Are you slowly losing subscribers on your YouTube channel? Here’s why.
Lydia Sweatt is a writer, bookworm, and bass guitar enthusiast. When she goes outside, a bicycle goes with her.
Are you slowly losing subscribers on your YouTube channel? Here’s why.
Convincing viewers to subscribe to your YouTube channel may be the hardest thing you’ll ever do. It takes time and effort to create unwavering loyalty among viewers, so of course, no one gains millions of subscribers overnight.
In fact, before that happens, you may ask viewers to ‘like, comment, and subscribe’ hundreds of times.
But once you get the number you’re looking for - several hundred, a thousand, or even hundreds of thousands - that’s going to feel amazing. All the hard work of starting a channel, sticking to a niche, and uploading consistently will finally be justified.
And guess what? Nothing will bring you down - not the army of bots spamming your videos with sub4sub comments, not even the discrepancy between public and private subscriber counts. Nothing will steal your joy except maybe, quite possibly, seeing a number like this on your channel analytics dashboard:
By the way, that’s how many subscribers our YouTube channel, vidIQ, has lost since joining the platform: 349,032.
But why does this happen? How can any creator lose so many subscribers on a free platform?
If you’re experiencing the same thing, don’t worry.
The relationship between creators and viewers is just like any other. It goes through changes, seasons of uncertainty, and sometimes it ends altogether. To prepare yourself for the impact of losing fans, watch our “Why Am I Losing Subscribers” video on YouTube:
As long as you’re gaining more subscribers than you’re losing, that’s a win. But if you need more proof, here are six reasons why all YouTube creators lose subscribers at some point:
It’s true. Now and then, YouTube audits your list of subscribers to track down annoying bots and spam accounts. This process includes some form of account verification, and if YouTube detects any suspicious activity, it may remove those accounts from your subscriber list or the platform altogether.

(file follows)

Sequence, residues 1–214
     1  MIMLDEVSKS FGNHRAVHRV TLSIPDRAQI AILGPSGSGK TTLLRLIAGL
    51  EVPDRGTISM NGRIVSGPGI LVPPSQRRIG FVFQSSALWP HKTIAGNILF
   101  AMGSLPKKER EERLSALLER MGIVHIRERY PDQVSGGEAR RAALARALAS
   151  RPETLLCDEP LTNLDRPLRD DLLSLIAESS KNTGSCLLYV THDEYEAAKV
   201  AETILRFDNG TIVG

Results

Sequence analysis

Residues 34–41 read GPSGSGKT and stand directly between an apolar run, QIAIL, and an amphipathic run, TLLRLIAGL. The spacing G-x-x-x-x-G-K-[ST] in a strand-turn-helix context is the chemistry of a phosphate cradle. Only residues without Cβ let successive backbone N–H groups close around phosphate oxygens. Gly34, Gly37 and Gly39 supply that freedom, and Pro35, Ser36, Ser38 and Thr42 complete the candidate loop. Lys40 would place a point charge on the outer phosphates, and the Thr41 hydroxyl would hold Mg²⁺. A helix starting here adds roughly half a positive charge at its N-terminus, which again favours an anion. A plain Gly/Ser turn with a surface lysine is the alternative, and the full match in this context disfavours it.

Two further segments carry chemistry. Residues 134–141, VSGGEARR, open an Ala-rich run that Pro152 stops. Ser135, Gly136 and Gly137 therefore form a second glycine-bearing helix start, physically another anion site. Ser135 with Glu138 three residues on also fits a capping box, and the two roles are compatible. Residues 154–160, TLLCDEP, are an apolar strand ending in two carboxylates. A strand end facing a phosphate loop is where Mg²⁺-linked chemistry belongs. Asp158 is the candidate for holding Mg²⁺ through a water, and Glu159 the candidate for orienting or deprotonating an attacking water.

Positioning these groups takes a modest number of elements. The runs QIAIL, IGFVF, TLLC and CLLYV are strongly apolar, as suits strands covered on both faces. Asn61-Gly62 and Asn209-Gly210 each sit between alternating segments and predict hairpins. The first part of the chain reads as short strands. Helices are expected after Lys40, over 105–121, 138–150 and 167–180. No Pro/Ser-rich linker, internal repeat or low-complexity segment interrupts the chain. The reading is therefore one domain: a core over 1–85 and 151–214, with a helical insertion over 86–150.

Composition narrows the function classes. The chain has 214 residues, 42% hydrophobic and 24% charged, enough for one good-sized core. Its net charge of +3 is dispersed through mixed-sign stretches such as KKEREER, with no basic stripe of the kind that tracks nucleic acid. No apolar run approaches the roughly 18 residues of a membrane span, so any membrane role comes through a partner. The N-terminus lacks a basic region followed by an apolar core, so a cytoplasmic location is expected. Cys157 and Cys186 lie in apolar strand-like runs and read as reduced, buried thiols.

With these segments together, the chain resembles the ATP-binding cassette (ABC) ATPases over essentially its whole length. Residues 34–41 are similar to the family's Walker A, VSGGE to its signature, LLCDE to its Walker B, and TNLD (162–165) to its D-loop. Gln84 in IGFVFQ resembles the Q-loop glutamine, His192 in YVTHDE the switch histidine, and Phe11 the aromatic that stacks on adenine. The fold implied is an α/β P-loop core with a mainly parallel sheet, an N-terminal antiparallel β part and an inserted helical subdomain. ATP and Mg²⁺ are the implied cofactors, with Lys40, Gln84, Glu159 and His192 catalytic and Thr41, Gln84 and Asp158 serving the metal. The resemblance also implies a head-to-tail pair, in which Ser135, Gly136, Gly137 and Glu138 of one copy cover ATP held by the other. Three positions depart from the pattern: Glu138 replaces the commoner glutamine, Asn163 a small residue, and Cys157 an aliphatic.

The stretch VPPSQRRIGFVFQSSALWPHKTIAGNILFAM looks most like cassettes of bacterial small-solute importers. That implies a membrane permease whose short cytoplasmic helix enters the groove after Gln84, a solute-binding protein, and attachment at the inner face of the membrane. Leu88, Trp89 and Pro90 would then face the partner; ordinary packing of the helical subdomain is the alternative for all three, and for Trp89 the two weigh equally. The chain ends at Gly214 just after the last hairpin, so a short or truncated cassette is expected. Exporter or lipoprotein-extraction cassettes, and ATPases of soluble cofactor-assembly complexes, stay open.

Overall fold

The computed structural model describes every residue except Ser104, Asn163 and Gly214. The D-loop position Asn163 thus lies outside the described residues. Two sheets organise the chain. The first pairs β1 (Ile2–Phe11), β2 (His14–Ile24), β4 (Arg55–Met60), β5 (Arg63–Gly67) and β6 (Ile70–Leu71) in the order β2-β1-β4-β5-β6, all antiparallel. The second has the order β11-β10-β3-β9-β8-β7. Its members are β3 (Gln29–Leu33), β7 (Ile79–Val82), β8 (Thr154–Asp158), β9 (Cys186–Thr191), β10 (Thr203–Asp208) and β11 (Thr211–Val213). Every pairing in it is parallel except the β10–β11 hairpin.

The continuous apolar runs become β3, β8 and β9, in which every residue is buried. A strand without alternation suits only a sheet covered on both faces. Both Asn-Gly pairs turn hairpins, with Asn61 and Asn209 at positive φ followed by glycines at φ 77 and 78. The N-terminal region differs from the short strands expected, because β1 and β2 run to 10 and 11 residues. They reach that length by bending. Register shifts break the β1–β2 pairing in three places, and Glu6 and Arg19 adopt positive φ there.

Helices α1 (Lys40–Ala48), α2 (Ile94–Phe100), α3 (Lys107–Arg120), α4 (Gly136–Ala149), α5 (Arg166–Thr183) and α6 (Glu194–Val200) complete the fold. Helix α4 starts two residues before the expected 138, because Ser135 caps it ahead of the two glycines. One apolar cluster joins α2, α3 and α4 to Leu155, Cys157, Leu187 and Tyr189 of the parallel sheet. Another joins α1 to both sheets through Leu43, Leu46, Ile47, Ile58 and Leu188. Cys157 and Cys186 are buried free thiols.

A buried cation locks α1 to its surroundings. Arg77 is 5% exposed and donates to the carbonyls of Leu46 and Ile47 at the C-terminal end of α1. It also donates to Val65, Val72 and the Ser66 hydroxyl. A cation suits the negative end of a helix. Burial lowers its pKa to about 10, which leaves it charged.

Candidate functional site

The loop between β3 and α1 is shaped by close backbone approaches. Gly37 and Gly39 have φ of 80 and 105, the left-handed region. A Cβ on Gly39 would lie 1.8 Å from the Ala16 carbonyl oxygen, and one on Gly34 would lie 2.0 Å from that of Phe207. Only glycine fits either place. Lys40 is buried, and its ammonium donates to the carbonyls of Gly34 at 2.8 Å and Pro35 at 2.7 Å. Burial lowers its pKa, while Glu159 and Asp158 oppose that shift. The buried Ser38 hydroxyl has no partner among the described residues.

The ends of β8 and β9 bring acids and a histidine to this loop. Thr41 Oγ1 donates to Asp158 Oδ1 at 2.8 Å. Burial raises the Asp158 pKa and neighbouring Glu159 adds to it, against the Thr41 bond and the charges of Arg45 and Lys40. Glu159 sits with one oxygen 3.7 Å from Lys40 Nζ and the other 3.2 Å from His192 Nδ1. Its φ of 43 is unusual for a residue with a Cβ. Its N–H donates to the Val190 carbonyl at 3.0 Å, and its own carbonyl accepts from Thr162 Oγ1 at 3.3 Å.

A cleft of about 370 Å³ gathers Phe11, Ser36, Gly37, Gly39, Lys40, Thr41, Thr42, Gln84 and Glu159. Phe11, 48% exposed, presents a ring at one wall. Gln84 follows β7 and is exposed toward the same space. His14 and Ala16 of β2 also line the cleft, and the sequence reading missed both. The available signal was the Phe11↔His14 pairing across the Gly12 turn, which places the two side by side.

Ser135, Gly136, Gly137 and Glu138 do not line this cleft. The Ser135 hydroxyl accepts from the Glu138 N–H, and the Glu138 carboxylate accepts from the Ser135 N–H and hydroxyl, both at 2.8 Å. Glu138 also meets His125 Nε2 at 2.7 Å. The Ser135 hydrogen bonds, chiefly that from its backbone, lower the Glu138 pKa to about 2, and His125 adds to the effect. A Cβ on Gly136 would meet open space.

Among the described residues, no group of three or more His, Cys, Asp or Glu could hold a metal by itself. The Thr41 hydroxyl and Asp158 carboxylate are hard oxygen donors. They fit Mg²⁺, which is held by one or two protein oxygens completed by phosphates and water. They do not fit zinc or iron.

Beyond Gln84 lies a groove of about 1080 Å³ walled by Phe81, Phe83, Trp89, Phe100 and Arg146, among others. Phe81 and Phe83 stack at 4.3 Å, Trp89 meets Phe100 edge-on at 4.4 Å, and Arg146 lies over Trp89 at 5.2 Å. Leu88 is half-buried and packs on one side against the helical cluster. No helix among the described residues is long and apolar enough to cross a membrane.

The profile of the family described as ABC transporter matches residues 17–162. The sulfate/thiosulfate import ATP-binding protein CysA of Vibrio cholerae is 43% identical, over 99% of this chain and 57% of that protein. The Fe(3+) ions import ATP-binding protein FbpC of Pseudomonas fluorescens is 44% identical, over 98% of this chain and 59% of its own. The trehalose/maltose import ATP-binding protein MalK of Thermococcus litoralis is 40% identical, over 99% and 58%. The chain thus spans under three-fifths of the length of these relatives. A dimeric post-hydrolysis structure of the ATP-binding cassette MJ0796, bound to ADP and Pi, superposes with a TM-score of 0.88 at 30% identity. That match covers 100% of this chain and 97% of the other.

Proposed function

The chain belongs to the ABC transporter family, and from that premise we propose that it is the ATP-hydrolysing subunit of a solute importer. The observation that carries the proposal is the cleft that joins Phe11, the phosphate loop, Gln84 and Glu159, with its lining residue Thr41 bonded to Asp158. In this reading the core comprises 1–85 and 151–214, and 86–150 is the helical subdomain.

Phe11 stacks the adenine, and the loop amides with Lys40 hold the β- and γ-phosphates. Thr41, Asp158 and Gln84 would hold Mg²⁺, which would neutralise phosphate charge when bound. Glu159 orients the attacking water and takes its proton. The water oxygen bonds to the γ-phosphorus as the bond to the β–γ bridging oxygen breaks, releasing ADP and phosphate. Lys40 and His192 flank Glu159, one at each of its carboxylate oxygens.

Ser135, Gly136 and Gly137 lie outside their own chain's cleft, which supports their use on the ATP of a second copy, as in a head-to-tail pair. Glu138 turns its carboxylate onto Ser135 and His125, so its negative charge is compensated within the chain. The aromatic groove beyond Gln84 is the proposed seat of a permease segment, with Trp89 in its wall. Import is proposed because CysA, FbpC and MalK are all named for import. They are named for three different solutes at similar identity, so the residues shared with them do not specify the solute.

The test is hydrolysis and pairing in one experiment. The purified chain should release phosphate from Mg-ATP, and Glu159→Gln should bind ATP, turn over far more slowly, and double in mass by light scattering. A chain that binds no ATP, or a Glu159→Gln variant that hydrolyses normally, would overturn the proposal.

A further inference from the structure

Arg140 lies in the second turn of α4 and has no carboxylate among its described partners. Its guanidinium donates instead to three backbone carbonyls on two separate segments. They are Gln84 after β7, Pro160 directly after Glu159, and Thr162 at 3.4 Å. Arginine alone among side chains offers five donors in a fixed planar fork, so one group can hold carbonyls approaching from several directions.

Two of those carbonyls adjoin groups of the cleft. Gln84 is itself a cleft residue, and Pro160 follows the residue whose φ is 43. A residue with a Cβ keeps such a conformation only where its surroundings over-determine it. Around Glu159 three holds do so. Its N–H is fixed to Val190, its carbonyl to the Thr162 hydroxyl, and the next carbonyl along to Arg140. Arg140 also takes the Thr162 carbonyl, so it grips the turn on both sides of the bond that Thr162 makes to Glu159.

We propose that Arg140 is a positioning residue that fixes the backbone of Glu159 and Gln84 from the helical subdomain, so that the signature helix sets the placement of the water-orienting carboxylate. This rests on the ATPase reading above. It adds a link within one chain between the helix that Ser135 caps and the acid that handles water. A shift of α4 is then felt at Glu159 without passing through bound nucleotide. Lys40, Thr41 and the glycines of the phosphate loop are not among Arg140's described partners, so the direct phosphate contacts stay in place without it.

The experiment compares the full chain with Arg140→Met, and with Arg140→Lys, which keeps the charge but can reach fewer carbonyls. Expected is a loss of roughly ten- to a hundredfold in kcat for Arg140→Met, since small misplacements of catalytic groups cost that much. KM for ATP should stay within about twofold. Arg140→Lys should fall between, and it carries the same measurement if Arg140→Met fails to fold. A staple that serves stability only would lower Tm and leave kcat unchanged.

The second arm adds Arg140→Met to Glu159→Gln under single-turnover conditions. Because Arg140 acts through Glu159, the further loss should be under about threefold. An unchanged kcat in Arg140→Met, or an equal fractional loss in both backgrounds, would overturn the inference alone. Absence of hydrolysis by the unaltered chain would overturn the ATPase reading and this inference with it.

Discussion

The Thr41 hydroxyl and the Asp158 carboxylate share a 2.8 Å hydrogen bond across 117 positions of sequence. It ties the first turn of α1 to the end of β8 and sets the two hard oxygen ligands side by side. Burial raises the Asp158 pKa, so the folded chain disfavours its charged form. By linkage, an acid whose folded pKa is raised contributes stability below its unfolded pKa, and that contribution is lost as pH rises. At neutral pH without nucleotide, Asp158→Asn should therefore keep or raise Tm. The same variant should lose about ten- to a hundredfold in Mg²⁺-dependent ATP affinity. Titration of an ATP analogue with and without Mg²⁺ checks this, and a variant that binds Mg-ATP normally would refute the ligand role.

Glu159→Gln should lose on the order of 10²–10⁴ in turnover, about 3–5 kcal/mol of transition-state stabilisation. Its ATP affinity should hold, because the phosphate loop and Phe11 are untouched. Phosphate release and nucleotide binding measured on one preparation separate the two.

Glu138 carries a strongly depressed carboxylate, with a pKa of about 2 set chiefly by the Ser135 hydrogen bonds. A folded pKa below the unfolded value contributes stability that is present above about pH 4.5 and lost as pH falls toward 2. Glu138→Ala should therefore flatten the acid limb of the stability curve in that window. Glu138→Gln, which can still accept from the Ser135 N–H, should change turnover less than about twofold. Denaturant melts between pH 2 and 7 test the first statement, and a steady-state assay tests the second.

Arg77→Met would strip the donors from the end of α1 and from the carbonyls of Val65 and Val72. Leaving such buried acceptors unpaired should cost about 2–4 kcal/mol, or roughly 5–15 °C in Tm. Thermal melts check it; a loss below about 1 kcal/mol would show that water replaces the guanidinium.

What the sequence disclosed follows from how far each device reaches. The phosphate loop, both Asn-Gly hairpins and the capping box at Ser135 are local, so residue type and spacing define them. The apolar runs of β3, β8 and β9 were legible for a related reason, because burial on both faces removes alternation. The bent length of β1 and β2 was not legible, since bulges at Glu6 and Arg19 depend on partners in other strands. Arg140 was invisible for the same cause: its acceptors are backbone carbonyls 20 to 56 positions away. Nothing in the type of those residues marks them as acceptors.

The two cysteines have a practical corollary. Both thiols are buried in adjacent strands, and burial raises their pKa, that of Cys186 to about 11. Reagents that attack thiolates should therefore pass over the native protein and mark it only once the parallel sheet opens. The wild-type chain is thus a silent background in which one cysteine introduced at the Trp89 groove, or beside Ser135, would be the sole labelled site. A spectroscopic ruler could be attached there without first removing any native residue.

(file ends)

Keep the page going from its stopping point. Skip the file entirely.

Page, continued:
In the past, YouTube performed these audits three or four times a year, but the process is more nuanced today. Instead of waiting for bot and spam accounts to pile up through the year, YouTube audits accounts in real-time - or at least within 24 to 48 hours of you gaining new subscribers. That lets the platform remove illicit users as soon as they subscribe.
When YouTube purges these accounts from your channel, just know this: There's nothing to worry about, and it’s not your fault. Your subscriber count may decrease, but that just means your channel - and all of YouTube - is becoming a better place for viewers and creators alike. Here's some info on that topic:
Have you ever stopped watching your favorite YouTube channels for no particular reason, even though you enjoy the content?
If so, you’re not alone. Thousands of people experience viewer fatigue on YouTube, and if that feeling becomes too heavy, unsubscribing is just one way for viewers to reclaim their headspace.
Rob Wilson, our YouTuber in residence here at vidIQ, found himself in that exact predicament. In 2015, he fell in love with the work of filmmaker and storyteller Casey Neistat. Around 7 p.m. each night, he’d watch his daily vlogs after downing a cup of tea, which became his ritual for 18 months.
But one day, Casey decided he wouldn't upload daily vlogs anymore and took a break from YouTube. When he returned to the platform, he also decided to post non-vlog content every few days. All of that led to Rob watching less of Casey’s videos over time.
The interesting thing though, is that Rob maintained his subscription to Casey’s channel for quite a while. Only after seeing Casey’s videos constantly pop up, and realizing he was never going to watch them, did Rob finally hit unsubscribe.
If you’re subscribed to the vidIQ YouTube channel and watch our videos regularly, you know our value proposition to you. As you embark on the journey of mastering YouTube, we educate you on how to overcome the challenges of being a creator.
But does that mean we're going to educate you from zero subscribers to 100 million subscribers? Probably not.
It's not feasible to target every YouTuber - the beginners, the intermediate, the advanced - so we speak to one particular audience. Right now, those viewers have channels with less than 1,000 subscribers and 4,000 hours of Watch Time. Basically, they’re working toward content monetization on YouTube.